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Lidia was one of ten children born to Ivan and Mavroonya. She grew up in Peski, Russia on a family farm during World War II. in 1954, she moved to tashkent at the age of 17 to pursue higher education and life in a big city. Since a very young age, she was selfless and kind. She devoted her life to the Lord, her family, neighbors and friends. even in a predominantly Muslim country, during the communist regime, she introduced her daughters and grand0daughters to church. Her warm smile and vibrant spirit graced not only all who knew her, but also strangers that she met on the street In 1997, at the age of 60, Lidia sacrificed the life that she built, her home and friends in Tashkent, and moved to America to help raise her grandchildren. Her inability to speak English never stopped her from taking care of her family or giving back to the community. Her ingenuity allowed her family to live comfortably even when money was tight. She was always eager to sew or stitch clothing, grow produce in her garden, or cook creatively with limited ingredients. Her fighting spirit allowed her and her family to overcome many obstacles. She was a breast cancer survivor and put up a tremendous fight against Parkinson’s disease. She will always be loved and greatly missed. Her spirit will live on through the wonderful memories she created and the people she touched.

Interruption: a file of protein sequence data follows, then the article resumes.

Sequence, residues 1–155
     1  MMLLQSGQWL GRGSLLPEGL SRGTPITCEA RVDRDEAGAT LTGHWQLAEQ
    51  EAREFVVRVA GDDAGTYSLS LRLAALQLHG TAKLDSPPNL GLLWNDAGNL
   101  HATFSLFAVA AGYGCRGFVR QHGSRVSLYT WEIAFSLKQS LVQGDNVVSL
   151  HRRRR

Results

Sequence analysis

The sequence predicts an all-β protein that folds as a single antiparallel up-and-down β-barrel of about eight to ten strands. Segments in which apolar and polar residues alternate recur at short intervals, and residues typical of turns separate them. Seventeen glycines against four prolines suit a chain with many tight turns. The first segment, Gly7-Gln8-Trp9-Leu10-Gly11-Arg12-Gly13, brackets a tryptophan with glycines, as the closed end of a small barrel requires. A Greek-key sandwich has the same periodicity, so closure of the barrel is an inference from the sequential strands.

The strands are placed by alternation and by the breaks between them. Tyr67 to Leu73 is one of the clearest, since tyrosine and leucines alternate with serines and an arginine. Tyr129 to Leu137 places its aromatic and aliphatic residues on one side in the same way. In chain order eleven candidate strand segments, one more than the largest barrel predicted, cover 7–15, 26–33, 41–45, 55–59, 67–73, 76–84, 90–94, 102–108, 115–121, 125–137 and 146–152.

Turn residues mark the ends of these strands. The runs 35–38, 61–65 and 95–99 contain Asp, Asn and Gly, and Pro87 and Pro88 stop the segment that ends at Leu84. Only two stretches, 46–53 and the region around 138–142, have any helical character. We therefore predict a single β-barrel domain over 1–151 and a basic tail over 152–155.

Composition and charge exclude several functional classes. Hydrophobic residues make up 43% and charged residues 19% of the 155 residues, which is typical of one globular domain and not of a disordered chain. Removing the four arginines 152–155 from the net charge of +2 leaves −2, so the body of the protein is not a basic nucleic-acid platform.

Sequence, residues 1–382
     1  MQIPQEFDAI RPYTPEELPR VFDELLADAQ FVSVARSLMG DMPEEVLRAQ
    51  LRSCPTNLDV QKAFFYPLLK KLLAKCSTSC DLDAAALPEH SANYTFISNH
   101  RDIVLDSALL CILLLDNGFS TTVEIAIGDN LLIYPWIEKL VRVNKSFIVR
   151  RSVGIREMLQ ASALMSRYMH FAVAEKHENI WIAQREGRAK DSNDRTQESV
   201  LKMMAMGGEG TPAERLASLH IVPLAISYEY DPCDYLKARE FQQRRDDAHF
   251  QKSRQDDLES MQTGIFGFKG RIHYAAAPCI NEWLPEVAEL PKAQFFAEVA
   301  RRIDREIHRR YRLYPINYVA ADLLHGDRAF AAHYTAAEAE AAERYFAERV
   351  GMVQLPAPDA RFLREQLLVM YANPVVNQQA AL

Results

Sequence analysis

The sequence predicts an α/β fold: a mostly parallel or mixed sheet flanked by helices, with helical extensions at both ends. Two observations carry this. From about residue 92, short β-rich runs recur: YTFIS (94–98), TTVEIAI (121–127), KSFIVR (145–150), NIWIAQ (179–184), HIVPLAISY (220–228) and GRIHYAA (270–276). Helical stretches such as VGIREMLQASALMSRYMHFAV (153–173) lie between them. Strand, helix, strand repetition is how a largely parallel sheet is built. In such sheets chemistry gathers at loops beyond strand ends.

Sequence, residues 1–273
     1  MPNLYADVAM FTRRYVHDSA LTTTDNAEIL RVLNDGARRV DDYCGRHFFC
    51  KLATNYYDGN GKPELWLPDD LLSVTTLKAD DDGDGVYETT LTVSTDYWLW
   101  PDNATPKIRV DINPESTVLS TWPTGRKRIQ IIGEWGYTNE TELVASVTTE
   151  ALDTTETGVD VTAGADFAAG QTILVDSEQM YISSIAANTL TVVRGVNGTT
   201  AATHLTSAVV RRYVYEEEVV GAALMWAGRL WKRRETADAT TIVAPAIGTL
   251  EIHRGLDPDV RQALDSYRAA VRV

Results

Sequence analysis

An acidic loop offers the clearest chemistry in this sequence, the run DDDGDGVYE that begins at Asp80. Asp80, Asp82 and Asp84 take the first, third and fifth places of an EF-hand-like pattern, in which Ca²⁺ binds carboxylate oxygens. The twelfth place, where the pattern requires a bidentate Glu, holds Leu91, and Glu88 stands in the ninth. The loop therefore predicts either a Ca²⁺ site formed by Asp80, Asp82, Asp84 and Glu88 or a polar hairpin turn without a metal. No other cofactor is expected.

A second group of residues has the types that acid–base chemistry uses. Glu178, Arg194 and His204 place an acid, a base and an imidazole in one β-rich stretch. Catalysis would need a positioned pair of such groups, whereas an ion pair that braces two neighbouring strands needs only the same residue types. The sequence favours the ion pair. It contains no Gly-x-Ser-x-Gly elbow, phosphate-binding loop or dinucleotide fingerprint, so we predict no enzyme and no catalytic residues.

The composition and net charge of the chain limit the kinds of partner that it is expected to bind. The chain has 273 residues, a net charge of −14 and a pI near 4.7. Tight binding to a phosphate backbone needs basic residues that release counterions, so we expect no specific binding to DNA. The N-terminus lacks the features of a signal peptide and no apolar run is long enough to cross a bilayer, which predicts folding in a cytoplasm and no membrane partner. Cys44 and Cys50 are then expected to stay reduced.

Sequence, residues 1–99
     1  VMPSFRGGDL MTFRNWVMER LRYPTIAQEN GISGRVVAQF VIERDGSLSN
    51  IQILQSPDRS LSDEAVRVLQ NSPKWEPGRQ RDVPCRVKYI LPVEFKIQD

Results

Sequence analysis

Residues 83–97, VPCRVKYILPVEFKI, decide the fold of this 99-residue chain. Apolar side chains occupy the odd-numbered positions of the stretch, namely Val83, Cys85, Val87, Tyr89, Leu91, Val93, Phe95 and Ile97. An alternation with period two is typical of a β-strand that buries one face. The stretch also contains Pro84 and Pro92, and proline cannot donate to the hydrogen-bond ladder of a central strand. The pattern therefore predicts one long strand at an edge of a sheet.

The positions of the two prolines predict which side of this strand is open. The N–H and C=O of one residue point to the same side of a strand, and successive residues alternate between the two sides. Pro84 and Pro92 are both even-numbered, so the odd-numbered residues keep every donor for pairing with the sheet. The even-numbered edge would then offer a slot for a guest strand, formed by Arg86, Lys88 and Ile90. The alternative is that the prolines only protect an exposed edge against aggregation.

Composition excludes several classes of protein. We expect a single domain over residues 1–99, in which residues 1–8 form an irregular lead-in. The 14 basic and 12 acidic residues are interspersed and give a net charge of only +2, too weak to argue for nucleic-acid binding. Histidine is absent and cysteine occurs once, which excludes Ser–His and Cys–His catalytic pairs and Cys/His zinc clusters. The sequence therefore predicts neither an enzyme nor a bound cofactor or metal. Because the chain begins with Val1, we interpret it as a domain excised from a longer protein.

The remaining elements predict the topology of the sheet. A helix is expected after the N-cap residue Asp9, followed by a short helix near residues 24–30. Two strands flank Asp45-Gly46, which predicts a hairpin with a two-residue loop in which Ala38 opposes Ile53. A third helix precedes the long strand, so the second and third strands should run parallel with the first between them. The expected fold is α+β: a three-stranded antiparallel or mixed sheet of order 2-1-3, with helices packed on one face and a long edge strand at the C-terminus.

Lidia, known by her family as “Babulchick,” is survived her her two daughters, Natasha and Elena, son-in-law, Fedor, as well as four grand-daughters, Alina, Polina, Dasha and Katie.
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